Critics’ Picks

Darius the Great (detail), 2007, mixed-media costume and ink and watercolor on paper, dimensions vary. Installation view.

Darius the Great (detail), 2007, mixed-media costume and ink and watercolor on paper, dimensions vary. Installation view.

London

Marcel Dzama

Timothy Taylor Gallery
21 Dering Street
March 8–April 13, 2007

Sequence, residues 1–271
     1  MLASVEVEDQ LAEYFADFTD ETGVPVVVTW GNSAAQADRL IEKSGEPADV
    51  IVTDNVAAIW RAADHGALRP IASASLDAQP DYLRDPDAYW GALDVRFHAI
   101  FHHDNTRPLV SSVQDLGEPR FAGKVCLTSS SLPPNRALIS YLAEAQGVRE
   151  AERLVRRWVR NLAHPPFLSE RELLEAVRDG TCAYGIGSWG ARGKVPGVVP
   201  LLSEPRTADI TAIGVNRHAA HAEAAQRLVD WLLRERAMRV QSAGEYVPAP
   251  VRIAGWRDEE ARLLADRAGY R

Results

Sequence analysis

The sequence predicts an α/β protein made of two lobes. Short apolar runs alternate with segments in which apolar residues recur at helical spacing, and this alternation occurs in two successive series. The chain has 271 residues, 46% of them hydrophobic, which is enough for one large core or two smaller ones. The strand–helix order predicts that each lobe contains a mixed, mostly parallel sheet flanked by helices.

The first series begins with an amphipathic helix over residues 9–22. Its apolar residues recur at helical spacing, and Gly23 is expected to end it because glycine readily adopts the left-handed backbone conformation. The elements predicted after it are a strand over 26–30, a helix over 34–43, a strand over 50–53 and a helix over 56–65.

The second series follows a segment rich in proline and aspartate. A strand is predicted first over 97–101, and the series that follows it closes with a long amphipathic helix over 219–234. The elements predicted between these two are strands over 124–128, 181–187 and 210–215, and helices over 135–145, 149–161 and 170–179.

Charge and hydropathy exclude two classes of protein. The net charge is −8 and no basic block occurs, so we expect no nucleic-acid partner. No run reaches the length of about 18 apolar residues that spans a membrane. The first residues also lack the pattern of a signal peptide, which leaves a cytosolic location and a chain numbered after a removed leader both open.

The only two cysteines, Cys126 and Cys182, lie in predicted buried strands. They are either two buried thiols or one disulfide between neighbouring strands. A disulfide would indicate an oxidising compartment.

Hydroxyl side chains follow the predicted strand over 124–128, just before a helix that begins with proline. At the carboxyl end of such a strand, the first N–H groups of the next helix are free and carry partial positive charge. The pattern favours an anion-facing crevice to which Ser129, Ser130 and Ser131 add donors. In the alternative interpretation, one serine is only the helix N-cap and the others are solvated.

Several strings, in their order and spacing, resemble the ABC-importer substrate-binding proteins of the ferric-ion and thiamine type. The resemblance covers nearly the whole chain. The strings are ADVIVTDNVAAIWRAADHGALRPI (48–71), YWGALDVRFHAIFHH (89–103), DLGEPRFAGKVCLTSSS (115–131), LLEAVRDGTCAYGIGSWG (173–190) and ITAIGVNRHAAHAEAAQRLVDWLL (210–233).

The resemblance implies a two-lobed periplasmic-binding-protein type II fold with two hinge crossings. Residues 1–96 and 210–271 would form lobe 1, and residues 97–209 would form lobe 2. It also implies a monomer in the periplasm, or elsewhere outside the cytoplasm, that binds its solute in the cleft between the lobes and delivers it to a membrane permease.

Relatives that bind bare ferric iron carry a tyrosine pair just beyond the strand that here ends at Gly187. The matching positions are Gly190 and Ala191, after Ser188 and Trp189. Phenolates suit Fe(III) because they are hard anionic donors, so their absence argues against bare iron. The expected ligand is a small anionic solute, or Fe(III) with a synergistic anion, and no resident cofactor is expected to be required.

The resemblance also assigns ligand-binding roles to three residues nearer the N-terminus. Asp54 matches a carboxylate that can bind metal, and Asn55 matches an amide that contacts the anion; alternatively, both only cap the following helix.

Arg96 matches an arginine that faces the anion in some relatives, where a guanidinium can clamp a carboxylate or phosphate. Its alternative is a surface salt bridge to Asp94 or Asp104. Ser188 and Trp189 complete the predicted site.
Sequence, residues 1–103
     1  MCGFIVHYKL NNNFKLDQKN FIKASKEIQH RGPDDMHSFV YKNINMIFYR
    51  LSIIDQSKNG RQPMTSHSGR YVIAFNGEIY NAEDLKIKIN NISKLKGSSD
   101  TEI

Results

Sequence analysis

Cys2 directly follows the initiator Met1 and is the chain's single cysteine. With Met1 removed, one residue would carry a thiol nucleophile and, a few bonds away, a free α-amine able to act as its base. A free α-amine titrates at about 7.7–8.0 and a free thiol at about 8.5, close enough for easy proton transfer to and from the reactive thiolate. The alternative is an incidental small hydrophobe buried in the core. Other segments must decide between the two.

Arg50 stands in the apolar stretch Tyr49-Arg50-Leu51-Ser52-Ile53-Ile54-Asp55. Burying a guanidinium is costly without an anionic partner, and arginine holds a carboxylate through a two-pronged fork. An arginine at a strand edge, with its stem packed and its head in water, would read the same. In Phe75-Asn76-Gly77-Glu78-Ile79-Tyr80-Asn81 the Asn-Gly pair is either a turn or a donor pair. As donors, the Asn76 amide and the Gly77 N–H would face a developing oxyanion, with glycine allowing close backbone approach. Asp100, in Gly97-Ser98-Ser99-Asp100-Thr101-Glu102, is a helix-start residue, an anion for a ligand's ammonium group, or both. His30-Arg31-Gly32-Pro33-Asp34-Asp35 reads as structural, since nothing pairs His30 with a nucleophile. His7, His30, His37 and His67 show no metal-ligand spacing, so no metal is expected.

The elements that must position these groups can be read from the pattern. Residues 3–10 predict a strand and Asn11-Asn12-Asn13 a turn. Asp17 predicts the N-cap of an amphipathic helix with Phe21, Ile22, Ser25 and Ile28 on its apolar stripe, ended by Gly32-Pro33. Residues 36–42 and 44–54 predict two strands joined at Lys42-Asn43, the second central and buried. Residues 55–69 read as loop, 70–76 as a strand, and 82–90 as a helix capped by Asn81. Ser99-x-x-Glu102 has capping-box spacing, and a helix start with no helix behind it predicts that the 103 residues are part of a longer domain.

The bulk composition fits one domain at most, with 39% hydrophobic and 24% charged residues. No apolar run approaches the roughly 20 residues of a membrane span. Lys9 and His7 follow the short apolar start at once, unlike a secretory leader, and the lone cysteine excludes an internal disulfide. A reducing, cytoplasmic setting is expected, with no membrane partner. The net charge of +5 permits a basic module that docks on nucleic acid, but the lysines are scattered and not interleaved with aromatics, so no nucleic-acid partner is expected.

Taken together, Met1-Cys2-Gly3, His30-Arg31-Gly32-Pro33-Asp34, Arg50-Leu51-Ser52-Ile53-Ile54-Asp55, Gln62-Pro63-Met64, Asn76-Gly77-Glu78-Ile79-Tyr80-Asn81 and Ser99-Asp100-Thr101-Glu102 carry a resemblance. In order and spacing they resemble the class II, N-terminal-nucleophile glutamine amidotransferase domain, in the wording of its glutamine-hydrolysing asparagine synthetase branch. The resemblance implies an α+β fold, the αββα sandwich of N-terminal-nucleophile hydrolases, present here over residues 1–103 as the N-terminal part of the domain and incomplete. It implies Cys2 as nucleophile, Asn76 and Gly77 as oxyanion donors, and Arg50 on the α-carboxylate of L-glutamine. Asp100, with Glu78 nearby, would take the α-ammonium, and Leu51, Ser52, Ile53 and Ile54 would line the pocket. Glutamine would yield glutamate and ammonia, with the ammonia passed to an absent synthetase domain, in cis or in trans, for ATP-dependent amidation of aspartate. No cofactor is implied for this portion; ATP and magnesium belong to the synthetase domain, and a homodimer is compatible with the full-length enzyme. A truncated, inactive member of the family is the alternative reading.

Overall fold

Marcel Dzama’s Ljubojevic (all works 2007), a life-size bear costume peering through a hole in the wall just behind the gallery's front windows, is a gatekeeper at the entrance to this iteration artist’s fantastic world. Inside, Dzama’s drawings and photo collages give life and dimension to his cast of characters, evocative of those in Roald Dahl’s playful tales. The ink-and-watercolor sketch for Ukuleter describes a tree with a thick trunk and spindly branches as a “day-time talk show king” who “popularized the ukelele which was named after him.” But his story ends in misfortune—he was “burnt as fire wood in the winter of 2002.” Dzama’s work contains real humor, and while it is often countered by moments of pathos, his stories seem to be, at their core, comedies. Just a few doors down the street, Dzama’s twenty-minute film The Lotus Eaters, the story of a man who slips into a dream world of his own creation as he mourns the loss of his wife, loops throughout the day. On the exhibition’s opening night, the pianist Rod Melvin performed the music for the film, taken from the British film-noir classic The Third Man. An old upright remains in the screening room, one of Dzama’s creatures propped on its bench while another rests in one of the cinema chairs, and the recording of Melvin’s performance is swept away with Dzama’s moving pictures.